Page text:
Journey Gamble lugged a shovel in each hand Saturday morning as she joined other volunteers to plant trees Saturday at Adam Elementary School.
"I've done this before," said the 12-year-old Fesler Junior High School seventh-grader before she helped plant a Canary Island pine along the fence that faces West Enos Drive.
Some 65 adult and children volunteers labored alongside urban forest trainers and arborists in cool, breezy weather to plant dozens of trees in the grassy area at the north end of the school, located near the Santa Maria Fairpark and Santa Maria High School.
Adam Elementary was approved last month for a $15,260 California Climate Investments grant through the Goleta-based nonprofit Your Children's Trees. California ReLeaf and the California Department of Forestry and Fire Protection Urban and Community Forestry Program provided funding.
Urban forest trainer Lorenzo Perez advised volunteers as they planted.
"You want this to look like a baseball mound," he said as he smoothed some dirt. "It's supposed to rain here next week, and you don't want (the dirt) messed up."
"This is a very good turnout," he added.
Perez, a member of the Guadalupe team of trainers, said the Santa Maria and Guadalupe teams and arborists have worked with volunteers in the past on tree-planting projects. Their next is April 6 at O'Connell Park in Guadalupe.
"I've been doing this kind of thing for nine years," arborist George Jimenez said. "The first one I helped at was at Arellanes Elementary School."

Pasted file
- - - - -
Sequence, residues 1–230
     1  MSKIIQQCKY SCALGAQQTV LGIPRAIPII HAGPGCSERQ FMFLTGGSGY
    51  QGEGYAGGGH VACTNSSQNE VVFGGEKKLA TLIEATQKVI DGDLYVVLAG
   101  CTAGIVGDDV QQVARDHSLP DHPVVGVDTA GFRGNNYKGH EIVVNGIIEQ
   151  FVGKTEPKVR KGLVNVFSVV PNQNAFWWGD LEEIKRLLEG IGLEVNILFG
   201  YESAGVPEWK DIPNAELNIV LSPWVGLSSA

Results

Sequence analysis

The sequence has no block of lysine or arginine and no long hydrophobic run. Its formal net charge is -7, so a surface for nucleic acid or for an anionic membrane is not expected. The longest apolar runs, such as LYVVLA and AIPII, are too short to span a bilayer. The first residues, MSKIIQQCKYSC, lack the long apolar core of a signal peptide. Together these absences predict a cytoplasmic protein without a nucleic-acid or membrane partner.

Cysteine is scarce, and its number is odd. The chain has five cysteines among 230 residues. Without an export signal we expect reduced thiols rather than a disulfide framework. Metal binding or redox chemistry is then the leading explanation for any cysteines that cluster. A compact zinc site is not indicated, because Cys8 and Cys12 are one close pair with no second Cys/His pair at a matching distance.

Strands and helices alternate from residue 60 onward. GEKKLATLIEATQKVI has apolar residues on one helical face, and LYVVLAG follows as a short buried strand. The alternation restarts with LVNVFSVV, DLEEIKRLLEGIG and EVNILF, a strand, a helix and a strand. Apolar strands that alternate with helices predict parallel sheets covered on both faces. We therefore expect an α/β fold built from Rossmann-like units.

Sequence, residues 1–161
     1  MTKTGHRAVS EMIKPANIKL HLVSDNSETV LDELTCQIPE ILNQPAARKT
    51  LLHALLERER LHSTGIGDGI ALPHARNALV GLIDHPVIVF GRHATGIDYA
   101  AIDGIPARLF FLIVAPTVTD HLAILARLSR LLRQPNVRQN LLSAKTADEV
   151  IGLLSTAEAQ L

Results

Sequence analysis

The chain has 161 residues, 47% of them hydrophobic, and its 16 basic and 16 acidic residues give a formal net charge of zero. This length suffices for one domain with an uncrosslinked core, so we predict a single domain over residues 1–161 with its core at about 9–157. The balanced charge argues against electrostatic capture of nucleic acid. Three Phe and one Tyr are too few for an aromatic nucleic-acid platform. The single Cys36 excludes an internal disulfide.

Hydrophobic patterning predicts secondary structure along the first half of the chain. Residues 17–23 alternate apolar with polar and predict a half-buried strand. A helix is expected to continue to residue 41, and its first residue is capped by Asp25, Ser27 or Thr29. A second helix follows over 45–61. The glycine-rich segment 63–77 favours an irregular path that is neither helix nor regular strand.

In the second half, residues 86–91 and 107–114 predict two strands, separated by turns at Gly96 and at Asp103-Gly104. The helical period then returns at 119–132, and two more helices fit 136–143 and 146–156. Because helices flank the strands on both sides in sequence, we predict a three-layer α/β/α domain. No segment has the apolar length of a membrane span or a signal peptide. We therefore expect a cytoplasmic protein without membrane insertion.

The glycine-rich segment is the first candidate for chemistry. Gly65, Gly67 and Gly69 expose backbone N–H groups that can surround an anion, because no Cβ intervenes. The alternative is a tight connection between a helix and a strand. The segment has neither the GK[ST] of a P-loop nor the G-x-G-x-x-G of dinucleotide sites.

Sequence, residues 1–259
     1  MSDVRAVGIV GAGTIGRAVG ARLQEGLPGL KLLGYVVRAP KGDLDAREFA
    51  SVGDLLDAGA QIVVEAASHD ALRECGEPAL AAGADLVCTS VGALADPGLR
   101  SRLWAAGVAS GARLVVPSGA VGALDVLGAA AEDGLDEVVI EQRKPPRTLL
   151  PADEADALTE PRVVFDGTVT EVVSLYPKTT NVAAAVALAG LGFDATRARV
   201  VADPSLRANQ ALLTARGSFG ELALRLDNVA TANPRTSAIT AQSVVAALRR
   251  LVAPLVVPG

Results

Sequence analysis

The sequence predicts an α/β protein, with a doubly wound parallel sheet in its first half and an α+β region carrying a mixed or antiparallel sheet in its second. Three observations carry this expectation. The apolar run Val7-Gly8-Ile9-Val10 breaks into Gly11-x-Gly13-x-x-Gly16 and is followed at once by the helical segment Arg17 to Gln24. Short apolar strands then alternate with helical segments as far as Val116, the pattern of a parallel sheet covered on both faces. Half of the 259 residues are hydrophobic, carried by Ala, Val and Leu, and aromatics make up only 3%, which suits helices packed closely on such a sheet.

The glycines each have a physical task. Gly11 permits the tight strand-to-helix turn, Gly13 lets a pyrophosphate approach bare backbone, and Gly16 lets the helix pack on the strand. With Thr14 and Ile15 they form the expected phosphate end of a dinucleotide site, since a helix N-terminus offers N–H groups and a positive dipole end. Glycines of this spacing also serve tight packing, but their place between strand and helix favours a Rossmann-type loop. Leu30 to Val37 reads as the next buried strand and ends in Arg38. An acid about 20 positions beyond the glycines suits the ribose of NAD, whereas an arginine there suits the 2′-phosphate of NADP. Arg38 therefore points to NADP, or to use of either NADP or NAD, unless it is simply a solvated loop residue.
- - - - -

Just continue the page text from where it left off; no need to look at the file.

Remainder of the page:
Ken Knight, president of Your Children's Trees, said 45 new trees, including Chinese elms, Canary Island pines and coast live oaks, would be planted at Adam Elementary on Saturday.
Another project is scheduled soon for Santa Maria.
"We're going to do one at Waller Park on April 13," the aborist said as he walked briskly toward a planting site.
"It's a nice, natural addition for our landscape," said Adam Elementary Principal Laurie Graak from her office on Saturday.
"Also, it has an effect on ecology and the carbon footprint. It's a good way to help our students get educated about the benefit of trees."
For 11-year-old Emmanuel Perez, an Adam Elementary student, "This is my first time doing this.
"I came here mainly to be with them," he said, as he looked toward Estephanie Carrillo, an eighth-grade student at Fesler, and her father Ismael Carrillo.
"Emmanuel's like an adopted son, a member of our second family," Ismael said with a smile.
"This is the first time I've been to something like this," she added. "It just gives the kids some knowledge of trees, the environment, and events like this help keep that (knowledge) going."
Marilyn Sanchez, 14, an eighth-grader at El Camino Junior High School, was another first-time tree planter.
"I just like helping plant trees," she said as she took a break from helping to plant a cedar tree.